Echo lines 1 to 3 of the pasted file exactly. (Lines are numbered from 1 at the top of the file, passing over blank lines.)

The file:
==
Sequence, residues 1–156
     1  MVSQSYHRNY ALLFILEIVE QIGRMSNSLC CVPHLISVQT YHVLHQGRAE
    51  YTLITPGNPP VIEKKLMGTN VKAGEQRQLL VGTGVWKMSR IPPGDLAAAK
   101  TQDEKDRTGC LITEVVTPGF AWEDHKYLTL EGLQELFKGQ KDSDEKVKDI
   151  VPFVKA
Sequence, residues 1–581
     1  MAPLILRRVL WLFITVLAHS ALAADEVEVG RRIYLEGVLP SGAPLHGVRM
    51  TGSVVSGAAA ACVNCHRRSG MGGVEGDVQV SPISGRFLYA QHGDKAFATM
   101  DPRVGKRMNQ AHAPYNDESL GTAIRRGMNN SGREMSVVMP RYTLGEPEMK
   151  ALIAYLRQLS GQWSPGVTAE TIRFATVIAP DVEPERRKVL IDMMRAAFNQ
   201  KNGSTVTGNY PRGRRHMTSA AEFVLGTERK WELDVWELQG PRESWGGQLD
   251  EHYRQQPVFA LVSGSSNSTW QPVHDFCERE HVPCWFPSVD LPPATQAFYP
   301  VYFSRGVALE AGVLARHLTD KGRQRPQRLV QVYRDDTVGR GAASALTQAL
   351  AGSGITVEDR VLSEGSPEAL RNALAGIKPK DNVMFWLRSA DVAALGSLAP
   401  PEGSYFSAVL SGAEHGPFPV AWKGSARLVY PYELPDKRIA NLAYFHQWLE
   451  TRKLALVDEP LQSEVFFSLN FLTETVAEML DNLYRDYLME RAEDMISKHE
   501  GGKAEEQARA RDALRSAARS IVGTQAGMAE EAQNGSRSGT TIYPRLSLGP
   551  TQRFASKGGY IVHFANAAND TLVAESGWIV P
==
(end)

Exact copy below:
Sequence, residues 1–156
     1  MVSQSYHRNY ALLFILEIVE QIGRMSNSLC CVPHLISVQT YHVLHQGRAE
    51  YTLITPGNPP VIEKKLMGTN VKAGEQRQLL VGTGVWKMSR IPPGDLAAAK